Staying politically active

I’m very lucky to have a partner who listens to my political rants and discusses them. He faces that burden alone however.

As my university circle is long gone and they’re all thousands of miles away, as my other expat friends are leaving the country one by one and the main interactions I have left are the ones I share with my innocent teen students (whom I love dearly!)… It’s easy to get frustrated. At a point in China I felt mostly depressed and powerless, always thinking I would be more politically active if I were somewhere else. I mostly face a language barrier here which prevents from going into out-of-the-ordinary conversations.

I am completely unproductive beating myself up however, so I have thought out a few commandments:

  1. To boost morale
  2. A reminder that being here is NOT meaningless
  3. To strike a balance between what can and what cannot be done.

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Here it goes.

  • Don’t consume the press like there is no tomorrow. Beyond three hours a day it only breeds pain, especially at the moment.
  • Liking, reacting and sharing on social media is only satisfying to a certain point. You’re interacting in your usual circle of friends and relatives, something that has its own value, but if you’re looking to have a tangible impact you have to go to another level or reach out of that circle.
  • Record your personal efforts. Habits are difficult to implemeimg_20170116_094752nt and you should be proud of what you accomplish. Small life changes take a long time and a lot of people to gain significance, but they are never vain, at the following condition that you…
  • share your tips with others enthusiastically without giving directives or being judgmental, and hear out their own ideas. You will slowly influence people around you if your actions make sense to them and if you listen to them as well.
  • If volunteering opportunities are accessible (and legal), dive into them. Animal rescue groups are the easiest to find, along with independent wellness/environmental awareness centers.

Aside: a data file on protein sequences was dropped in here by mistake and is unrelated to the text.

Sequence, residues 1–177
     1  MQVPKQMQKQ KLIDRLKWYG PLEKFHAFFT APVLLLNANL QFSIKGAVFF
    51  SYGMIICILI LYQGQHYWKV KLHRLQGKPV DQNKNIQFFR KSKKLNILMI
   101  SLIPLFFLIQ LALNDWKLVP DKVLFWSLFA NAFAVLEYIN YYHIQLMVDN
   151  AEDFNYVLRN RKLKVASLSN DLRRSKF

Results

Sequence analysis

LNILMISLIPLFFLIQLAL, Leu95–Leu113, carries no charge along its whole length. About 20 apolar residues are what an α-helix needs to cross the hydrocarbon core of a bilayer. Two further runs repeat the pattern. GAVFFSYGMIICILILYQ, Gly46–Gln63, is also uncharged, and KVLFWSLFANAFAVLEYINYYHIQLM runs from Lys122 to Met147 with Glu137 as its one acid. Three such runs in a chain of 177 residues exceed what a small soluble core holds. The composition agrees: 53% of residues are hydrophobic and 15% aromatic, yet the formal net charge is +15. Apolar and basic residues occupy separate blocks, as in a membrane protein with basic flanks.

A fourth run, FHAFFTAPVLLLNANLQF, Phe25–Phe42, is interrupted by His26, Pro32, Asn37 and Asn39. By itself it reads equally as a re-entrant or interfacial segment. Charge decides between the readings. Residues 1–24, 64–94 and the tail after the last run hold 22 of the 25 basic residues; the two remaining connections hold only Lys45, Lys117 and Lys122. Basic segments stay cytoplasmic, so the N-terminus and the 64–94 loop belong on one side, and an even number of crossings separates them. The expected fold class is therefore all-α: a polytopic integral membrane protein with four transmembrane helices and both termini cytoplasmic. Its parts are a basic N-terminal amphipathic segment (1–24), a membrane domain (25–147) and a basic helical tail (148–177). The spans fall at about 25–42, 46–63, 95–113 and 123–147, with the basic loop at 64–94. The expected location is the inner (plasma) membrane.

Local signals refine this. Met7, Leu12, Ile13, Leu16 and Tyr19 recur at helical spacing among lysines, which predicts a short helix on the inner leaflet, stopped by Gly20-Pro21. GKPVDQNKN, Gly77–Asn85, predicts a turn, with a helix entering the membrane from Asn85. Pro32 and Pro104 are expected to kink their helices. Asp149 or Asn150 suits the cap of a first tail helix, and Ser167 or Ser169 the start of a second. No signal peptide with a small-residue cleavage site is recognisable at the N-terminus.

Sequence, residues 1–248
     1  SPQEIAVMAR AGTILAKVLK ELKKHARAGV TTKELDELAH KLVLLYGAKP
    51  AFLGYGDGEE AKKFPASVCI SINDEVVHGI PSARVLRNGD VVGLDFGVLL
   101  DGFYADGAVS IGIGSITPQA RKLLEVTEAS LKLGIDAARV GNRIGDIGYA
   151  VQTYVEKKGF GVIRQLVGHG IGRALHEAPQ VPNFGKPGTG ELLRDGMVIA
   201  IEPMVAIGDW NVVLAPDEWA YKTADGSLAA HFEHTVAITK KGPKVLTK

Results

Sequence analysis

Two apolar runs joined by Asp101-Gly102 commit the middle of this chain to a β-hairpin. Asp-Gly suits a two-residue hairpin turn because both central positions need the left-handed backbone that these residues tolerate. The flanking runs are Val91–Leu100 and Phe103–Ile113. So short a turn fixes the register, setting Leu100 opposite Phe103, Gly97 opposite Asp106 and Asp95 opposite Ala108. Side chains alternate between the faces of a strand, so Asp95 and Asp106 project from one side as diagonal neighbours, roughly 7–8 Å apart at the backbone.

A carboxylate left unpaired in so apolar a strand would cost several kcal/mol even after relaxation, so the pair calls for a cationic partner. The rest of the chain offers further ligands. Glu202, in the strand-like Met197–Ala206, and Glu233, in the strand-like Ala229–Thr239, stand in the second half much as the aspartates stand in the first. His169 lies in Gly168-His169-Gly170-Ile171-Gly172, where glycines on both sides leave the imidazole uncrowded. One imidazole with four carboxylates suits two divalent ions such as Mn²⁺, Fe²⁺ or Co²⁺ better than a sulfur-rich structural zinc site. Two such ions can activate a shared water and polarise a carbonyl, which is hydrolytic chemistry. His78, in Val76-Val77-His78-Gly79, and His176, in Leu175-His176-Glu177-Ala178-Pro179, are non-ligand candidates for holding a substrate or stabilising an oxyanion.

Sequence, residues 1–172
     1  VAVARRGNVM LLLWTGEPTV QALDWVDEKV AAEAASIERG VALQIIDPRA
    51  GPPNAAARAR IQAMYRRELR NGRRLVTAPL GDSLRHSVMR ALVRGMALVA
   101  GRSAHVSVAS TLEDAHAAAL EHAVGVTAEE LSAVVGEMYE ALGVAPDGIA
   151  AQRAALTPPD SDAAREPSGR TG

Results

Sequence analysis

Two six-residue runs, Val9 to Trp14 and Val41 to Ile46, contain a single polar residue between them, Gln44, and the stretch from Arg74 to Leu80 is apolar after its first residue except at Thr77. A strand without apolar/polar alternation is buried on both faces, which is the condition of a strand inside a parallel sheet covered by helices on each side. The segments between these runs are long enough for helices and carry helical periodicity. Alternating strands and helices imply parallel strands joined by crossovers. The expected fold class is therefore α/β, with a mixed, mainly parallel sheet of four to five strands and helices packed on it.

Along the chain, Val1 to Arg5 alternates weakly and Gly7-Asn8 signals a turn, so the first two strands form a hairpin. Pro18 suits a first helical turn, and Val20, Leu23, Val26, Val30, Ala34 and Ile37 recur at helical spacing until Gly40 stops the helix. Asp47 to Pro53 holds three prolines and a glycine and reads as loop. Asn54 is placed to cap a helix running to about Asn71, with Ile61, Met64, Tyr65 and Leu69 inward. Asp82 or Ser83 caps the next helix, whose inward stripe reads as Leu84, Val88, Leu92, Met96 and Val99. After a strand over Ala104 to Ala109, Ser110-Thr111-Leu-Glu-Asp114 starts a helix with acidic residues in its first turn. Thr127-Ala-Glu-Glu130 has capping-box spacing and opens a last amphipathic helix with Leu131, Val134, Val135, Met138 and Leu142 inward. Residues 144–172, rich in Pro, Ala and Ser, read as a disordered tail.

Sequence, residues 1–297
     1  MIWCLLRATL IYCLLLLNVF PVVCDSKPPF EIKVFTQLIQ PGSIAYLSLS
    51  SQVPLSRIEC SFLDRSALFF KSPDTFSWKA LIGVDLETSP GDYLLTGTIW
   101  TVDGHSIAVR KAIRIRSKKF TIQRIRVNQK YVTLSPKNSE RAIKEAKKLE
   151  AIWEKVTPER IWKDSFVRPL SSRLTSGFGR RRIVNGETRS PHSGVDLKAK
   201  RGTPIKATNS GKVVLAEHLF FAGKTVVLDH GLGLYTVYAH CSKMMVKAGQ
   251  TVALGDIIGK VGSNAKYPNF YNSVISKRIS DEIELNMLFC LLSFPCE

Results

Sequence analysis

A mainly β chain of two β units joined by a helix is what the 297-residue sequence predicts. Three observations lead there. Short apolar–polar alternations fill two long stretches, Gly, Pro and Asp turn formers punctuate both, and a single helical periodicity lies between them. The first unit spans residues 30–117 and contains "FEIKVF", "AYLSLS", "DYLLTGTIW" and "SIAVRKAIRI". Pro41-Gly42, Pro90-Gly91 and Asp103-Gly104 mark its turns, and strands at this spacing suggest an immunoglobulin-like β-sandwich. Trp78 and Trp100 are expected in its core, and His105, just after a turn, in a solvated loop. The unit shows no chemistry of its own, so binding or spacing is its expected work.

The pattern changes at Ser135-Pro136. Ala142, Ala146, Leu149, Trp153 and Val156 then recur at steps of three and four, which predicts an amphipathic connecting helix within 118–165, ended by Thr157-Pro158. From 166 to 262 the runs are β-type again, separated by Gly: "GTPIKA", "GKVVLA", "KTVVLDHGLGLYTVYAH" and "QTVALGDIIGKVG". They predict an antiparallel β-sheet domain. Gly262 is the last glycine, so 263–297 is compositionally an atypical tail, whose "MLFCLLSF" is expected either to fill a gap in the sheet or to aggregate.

In your job:

  • Stay within your limits. Don’t criticize anything sensitive or let your opinion show but encourage kids to think critically. You’re not trying to affect opinions but a mindset.
  • Choose thought-provoking topics. My 7th and 8th graders are usually eager to learn about multiculturalism, environmental problems, animal treatment and diets around the world for example.
  • Introduce the notions of nuance and diversity, something that can prove difficult. Ningbo is pretty homogeneous: all my students are Han Chinese and they very seldom have friends from another ethnic group. As a consequence of not being “exposed” to difference, they’ll tend to rely on some clichés when confronted to people who look or act different. I’ve unfortunately heard the most ignorant stereotypes (not worth repeating) from some of my kids and it usually takes me an entire class to make them comprehend why such things are unacceptable. That is something you can try to act upon. It’s definitely not your place to influence              the adults, but they’re paying you to educate their children in an “international                      environment” for a couple of hours a week, so do your job as you see fit.
  • I choose to give students hardly any homework. Most of them are already burdened with three to five hours of extra work after school once they’ve reached 6th grade. Every now and then I’ll have them undergo some research on a topic.
  • And finally, my favorite medicine: because your students will often have pressure overload, seize any chance you have to laugh with them. That’s usually all it takes to make my day.

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Friends, expats and ex-expats from China, how do you do it?

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